A sweet tooth can be a real problem as your child’s teeth can be damaged, so it’s best to nip the problem in the bud at this early stage. In my experience babies are less likely to develop a sweet tooth if they are offered more vegetables than fruit in the early days of weaning.

Many root vegetables are sweet so I would go back and try again with carrot puree, sweet potato and parsnip. Try to buy organic vegetables where you can as they will have more flavour. Home-grown produce is ideal as it will be super-fresh from your garden.

You can try mixing the vegetables in with some baby rice to make it more palatable. Never force feed a baby and remove the food if he gets upset, but keep offering it every day until he accepts it. He is changing and growing every day, so you just need to persevere. Once he is happy to eat carrot and sweet potato, you can mix in the less sweet vegetables such as green beans, courgette and broccoli.

The early stage of weaning is all about first tastes, so try not to worry too much. It won’t be long before your baby’s repertoire will expand to include all sorts of meals into which you can add plenty of vegetables. When they are part of casseroles and sauces he will find them much more enjoyable.

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I have read your advice about giving my baby home-cooked food, but the jars in the supermarket seem to be nutritious and there are even organic ones these days. Is it really necessary to cook everything myself?

There is a huge market now for commercial baby food and I understand how tempting the jars appear, with all their promises of organic ingredients and guarantees of no preservatives and colourings. But I strongly advise cooking everything yourself. Over the years I have found that many babies who are weaned on commercial foods grow so used to the bland flavours that they will refuse to eat family meals once they are old enough. You are aiming at establishing life-long healthy eating habits for your child, so even though they are convenient try to restrict them to when you are travelling or eating away from home.

There is no substitute for home-made food. It tastes better, you have control of every ingredient that goes in and you can alter the textures as your baby develops. Jars of baby food labelled from 4 months will be completely smooth purees, whereas those labelled from 7 months will contain lumps. If you move your baby from purees to lumps in one go it could be quite an ordeal. When you cook food yourself, you can find a middle ground such as finely mashed textures. Remember that the swallowing and chewing of lumps is linked to speech development and is an important stage for a baby.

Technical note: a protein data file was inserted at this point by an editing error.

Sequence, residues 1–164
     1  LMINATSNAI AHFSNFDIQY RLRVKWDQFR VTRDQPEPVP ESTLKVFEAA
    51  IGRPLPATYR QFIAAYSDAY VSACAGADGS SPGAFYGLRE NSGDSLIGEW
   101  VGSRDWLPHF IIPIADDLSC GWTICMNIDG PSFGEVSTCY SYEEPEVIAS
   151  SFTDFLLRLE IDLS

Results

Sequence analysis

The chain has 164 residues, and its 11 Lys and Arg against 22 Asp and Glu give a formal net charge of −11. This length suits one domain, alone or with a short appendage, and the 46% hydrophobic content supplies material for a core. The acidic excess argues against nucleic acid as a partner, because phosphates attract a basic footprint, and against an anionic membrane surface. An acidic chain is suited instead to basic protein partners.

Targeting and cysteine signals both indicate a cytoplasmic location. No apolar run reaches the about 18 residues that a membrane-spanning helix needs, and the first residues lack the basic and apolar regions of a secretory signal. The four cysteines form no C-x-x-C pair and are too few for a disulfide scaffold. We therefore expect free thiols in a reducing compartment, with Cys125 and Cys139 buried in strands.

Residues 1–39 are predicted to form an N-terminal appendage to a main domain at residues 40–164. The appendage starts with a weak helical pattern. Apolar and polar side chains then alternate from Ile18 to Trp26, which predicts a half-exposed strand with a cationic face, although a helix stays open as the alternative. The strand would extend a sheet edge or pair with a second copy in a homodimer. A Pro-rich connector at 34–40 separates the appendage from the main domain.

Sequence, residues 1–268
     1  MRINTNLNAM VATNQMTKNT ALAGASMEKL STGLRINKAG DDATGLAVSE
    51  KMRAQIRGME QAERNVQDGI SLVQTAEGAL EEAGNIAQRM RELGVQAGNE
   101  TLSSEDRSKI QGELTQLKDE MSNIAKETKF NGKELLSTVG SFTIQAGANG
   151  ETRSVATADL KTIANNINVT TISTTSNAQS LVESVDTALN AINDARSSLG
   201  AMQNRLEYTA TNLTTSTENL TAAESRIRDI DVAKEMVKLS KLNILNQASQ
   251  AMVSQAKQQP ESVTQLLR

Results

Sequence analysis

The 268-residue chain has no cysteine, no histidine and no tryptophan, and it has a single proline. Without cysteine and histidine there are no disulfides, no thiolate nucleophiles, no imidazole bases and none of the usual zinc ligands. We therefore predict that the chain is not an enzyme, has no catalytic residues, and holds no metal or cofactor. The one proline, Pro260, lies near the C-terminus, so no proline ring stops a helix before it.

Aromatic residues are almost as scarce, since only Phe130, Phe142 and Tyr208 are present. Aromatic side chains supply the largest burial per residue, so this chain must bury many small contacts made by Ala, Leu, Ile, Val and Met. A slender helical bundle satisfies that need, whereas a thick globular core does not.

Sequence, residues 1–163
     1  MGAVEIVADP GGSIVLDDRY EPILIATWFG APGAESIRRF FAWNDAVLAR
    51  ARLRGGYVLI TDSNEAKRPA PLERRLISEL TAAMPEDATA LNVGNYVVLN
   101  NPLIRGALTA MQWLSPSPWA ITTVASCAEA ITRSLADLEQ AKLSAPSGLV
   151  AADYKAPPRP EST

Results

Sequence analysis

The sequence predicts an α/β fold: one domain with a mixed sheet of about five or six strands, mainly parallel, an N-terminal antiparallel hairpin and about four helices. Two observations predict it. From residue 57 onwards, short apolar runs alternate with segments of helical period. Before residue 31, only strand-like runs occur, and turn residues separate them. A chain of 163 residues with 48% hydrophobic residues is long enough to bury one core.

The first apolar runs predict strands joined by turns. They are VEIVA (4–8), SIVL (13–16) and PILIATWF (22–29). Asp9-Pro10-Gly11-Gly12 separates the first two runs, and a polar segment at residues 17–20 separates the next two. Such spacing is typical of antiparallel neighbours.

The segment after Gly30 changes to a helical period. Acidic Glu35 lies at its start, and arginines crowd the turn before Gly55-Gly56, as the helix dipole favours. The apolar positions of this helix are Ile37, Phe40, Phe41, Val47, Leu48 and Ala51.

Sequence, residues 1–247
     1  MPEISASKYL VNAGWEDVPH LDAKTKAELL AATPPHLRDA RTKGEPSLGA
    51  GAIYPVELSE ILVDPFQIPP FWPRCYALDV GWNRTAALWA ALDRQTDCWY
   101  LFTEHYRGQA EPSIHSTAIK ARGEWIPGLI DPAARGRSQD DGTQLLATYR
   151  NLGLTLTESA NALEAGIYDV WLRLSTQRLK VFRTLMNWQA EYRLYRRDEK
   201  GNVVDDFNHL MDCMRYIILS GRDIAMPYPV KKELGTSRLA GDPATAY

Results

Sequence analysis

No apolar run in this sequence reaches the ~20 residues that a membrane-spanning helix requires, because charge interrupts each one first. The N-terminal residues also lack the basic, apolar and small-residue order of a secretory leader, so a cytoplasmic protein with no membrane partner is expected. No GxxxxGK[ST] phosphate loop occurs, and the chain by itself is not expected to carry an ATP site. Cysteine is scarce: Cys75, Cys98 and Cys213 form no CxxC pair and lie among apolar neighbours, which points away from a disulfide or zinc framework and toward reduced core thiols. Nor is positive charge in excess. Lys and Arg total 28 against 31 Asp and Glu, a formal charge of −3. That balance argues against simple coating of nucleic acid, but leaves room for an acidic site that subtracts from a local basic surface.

If you are going to buy commercial baby food, you must get into the habit of reading the labels very carefully and not falling for the marketing hype. Did you know that drinks labelled “fruit drink” are nothing like fruit juice and often contain just a small amount of concentrated frozen fruit juice (lower in vitamins than fresh) and are bulked up with water and sugar. Look out for the carbohydrate levels on labels because sugar is also a carbohydrate – if a food label lists carbohydrates as 17g and sugar as 14g, you know that only 3g of what is listed is the actual starch, vital for energy to growing children.

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My eight-month-old baby enjoys his solids but has recently become very constipated. It is making him irritable and he has gone off his milk feeds. What can I do?

Fluid intake is very important in avoiding constipation. Loss of appetite is also a common symptom. Keep a careful eye on his milk consumption, including what you use in cooking and check that it is at least 12oz (350ml) a day. Offer him plenty of water at mealtimes and in between to try and relieve the constipation and hopefully his appetite for milk will then increase.

Constipation can be caused by lack of fibre in the diet. If he is eating a lot of processed food this is often low in fibre and high in fat. Fat can slow down the rate food moves through the digestive system causing it to get clogged up and make your baby very uncomfortable. If you are feeding him commercial foods, stop immediately and try to include high-fibre foods such as wholemeal toast and pasta, brown rice, wholegrain cereal such as porridge or Weetabix, plenty of raw or lightly cooked vegetables and dried fruit such as apricots and raisins.

If he does not get better quickly after increasing his fibre and fluids, the constipation may be related to an allergy or digestive problem and you should consult your GP.